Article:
Engineering Students Selected to Present at PA State Capitol

Posted by on March 3, 2014 in Campus Life, Outreach & Service, Research, Students, World Class Engineering | 0 comments

Two College of Engineering students — Anthony Trezza and Nathan Deffenbaugh — will present their research at the 12th Annual Undergraduate Research at the Capitol—Pennsylvania Poster Conference in Harrisburg on Tuesday, March 11, 2014.

Nathan Deffenbaugh, biomedical engineering, will present his research project titled High Resolution Tracking of Single-molecule Kinesin Motor Proteins by TIRF Microscopy. Kinesins are intracellular molecular motors and play a critical role in mitotic spindle formation during cell division. Their dysfunction has been linked to neurodegenerative diseases including Alzheimer’s and ALS. Additionally, the role of kinesins in mitotic spindle formation makes a relevant target for anti-cancer therapies aiming to inhibit cancer cell division and proliferation. Deffenbaugh’s research uses total internal reflection fluorescence (TIRF) microscopy to image individual kinesin proteins, allowing discovery of different kinesin protein’s molecular mechanisms, which is critical for understanding their diverse cellular roles.

Deffenbaugh is supervised by Dr. William O. Hancock, professor of biomedical engineering.

Anthony Trezza, mechanical engineering, will present Simultaneous Localization and Mapping of Indoor Robots Using Permanent Magnetic Fields. This research is prototyping the use of low-cost, highly sensitive magnetometer technology to develop low-cost guidance systems for wheelchairs with the intent to assist amyotrophic lateral sclerosis (ALS, often known as Lou Gehrig’s Disease) patients maintain mobility. As stated in Trezza’s submission, there have been long-standing dreams of using robots to provide extra functionality, care, and comfort to our living environments, offices, factories, and warehouses. But this dream is thwarted by the difficulty of a robot to know its position indoors. GPS signals cannot be reliably measured inside buildings; lighting conditions are highly variable; and modifications to the built environment for robot localization can be expensive and intrusive.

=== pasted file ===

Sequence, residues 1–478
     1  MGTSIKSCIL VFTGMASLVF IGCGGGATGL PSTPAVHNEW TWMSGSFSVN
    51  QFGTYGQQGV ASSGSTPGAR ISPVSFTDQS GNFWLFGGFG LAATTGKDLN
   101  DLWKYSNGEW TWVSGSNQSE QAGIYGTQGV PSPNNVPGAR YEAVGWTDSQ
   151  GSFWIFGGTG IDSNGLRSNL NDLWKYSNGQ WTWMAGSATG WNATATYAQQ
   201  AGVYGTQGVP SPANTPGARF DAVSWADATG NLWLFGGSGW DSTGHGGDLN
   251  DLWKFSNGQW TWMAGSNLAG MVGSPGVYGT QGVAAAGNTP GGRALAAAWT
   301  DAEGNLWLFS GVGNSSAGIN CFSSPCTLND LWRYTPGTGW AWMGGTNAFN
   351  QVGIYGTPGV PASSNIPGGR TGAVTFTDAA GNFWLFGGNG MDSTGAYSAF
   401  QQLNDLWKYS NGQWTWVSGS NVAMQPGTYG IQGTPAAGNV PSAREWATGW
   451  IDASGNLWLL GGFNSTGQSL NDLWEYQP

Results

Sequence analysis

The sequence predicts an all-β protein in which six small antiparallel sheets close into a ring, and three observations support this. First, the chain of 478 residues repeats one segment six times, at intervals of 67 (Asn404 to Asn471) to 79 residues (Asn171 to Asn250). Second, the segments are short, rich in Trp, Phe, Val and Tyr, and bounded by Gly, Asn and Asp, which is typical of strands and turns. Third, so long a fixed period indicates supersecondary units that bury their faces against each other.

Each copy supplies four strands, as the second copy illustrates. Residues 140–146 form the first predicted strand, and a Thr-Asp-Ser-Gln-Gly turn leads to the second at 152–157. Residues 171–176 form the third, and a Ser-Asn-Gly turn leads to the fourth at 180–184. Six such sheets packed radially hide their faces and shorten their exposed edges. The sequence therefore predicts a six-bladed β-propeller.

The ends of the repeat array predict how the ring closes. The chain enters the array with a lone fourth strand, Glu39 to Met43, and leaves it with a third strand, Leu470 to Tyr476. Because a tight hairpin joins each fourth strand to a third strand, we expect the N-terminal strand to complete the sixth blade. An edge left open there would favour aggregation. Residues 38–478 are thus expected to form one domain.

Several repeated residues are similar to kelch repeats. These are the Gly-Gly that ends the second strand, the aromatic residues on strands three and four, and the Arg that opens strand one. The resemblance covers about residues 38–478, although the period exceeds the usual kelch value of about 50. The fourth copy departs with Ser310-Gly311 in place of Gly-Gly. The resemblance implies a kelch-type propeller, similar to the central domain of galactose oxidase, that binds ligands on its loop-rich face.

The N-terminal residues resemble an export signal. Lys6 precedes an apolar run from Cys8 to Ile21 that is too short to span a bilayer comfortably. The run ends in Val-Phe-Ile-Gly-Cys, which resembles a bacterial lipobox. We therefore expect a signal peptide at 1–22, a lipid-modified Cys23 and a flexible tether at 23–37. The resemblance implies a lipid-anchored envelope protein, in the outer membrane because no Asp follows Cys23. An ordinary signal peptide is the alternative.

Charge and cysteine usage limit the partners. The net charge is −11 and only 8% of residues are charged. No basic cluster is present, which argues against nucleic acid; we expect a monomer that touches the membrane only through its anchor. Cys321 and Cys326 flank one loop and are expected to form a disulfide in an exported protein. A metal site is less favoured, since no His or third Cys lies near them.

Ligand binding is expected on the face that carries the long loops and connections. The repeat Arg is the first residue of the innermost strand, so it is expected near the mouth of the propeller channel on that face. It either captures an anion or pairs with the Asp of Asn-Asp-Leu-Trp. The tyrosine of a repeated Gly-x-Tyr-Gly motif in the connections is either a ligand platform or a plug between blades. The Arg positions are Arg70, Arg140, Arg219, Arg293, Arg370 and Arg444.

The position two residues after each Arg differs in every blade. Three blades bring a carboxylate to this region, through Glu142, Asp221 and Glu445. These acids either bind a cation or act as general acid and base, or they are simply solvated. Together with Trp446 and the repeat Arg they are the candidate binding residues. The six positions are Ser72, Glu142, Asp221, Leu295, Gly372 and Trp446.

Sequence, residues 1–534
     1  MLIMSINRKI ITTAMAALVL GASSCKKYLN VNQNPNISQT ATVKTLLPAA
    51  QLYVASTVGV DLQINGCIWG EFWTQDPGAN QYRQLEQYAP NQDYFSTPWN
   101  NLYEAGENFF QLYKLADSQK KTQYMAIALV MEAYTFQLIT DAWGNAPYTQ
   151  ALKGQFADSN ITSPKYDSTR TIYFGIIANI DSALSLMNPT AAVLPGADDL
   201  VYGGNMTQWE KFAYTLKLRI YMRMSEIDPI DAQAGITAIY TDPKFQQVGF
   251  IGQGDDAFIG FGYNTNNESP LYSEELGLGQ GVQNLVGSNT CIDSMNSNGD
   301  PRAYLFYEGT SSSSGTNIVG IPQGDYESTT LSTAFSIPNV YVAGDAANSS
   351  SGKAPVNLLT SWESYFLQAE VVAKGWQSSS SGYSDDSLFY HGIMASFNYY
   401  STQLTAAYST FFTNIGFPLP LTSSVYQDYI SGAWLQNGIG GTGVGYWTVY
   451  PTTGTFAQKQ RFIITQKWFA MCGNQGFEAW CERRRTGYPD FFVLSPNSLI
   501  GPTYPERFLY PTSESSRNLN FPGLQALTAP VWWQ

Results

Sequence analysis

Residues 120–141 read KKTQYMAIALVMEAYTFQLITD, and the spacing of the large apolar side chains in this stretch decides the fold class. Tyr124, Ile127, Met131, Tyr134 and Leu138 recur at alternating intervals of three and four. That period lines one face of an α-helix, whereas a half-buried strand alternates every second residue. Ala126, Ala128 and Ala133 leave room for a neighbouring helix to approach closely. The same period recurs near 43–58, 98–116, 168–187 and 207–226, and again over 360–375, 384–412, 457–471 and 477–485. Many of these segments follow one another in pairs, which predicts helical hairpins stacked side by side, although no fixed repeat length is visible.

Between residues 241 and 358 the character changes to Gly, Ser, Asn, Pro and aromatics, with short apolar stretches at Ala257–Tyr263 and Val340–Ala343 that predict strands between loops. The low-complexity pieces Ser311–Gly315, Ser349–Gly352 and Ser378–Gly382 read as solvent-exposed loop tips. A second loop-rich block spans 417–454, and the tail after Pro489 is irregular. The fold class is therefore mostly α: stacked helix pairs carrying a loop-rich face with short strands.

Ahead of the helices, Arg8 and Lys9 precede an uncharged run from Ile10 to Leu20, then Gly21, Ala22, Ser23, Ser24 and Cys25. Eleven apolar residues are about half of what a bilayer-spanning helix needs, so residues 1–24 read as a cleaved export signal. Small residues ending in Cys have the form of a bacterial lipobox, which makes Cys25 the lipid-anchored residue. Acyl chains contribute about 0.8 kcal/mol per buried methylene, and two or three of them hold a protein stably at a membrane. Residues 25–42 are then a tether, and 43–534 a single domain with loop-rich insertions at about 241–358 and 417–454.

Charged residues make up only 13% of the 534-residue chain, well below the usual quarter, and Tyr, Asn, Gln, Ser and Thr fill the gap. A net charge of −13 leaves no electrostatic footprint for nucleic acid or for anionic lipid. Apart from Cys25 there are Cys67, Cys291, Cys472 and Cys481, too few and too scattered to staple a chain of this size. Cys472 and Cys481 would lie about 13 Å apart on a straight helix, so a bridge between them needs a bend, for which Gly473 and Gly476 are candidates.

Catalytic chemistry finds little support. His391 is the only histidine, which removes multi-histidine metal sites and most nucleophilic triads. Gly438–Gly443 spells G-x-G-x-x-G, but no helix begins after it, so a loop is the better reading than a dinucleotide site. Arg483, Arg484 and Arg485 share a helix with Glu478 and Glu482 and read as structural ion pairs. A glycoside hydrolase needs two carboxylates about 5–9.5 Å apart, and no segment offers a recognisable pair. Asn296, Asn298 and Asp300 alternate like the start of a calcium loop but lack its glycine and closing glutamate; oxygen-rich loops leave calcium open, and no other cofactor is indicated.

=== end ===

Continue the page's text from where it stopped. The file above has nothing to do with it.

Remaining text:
Trezza is supervised by Dr. Sean Brennan, associate professor of mechanical engineering.

The event serves as a unique opportunity for undergraduate students enrolled in Pennsylvania’s colleges and universities to showcase their research projects to an audience of Pennsylvania legislators. Participants spend the day in the Pennsylvania Capitol Building, share experiences and ideas with counterparts from other schools, and present research posters.

The Office of Undergraduate Education coordinates Penn State’s participation in the event.

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